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Ghetto By The Sea

Author: Dennis Danziger
Publisher:
ISBN: 9780692436660
Size: 55.58 MB
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Ghetto By the Sea is the second anthology in an annual series produced by the students of P.O.P.S. the Club, a club for those whose lives have been touched by prison. In short memoirs, poems, photographs and drawings, the students tell the stories of their lives--sometimes stories about how their lives have been touched by prison, often by the ways in which all kinds of losses change us, forever. Divided into ten sections--Who We Love, How We Live, What We Eat, When We Dream, Where We're From, Life at POPS, Why We're Here, Where We Stand, Friends of POPS, and Advice to Ninth Graders--the stories are interspersed with artwork by the students and pencil portraits of many POPS members.

With You And Without You

Author: Ann M. Martin
Publisher: Open Road Media
ISBN: 1453298045
Size: 13.18 MB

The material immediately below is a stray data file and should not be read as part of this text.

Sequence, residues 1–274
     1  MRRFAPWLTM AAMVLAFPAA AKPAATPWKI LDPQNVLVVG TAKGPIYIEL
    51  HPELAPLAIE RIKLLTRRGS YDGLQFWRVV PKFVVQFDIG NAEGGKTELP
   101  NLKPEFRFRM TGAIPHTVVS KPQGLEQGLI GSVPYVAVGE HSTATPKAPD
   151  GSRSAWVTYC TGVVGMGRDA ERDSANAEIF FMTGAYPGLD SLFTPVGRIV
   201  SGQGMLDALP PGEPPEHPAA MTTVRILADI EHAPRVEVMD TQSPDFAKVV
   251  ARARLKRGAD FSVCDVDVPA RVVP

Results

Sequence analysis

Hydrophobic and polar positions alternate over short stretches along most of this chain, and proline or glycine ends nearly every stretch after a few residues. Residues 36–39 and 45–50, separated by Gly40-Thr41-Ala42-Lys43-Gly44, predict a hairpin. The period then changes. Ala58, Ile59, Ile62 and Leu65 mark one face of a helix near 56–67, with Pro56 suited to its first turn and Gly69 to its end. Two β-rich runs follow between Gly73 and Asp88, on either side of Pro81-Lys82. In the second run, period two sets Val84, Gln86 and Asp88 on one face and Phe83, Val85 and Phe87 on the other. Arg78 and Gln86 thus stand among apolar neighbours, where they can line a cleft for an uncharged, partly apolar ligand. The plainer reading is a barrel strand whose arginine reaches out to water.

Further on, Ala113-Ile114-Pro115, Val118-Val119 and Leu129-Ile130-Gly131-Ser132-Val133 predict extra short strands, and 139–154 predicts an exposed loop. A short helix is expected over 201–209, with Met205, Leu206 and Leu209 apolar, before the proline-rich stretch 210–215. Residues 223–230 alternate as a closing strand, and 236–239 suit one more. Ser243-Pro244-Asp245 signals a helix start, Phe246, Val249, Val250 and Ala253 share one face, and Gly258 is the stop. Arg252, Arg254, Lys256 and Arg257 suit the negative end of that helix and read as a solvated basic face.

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Liza thought she was prepared to lose her father—but coping is harder than she ever imagined When Liza’s dad finds out he has less than a year to live, he asks his family to help him make his remaining time as happy as possible. After the initial shock, twelve-year-old Liza, her three siblings, and their mother resolve to make her dad’s last year wonderful—especially on Christmas, his favorite holiday. Liza tries hard to prepare herself for living without him. But after he’s gone, she finds that she is still not ready—and maybe she never will be. The family, now faced with financial problems, has to move into a smaller home, which adds to their tension and anger. As another holiday season approaches, Liza feels celebrating without her dad is disloyal, and boycotts the holiday. Liza’s search for the courage to face her grief, anger, and guilt will resonate with readers of any age who have survived the loss of a loved one. This ebook features an illustrated personal history of Ann M. Martin, including rare images from the author’s collection.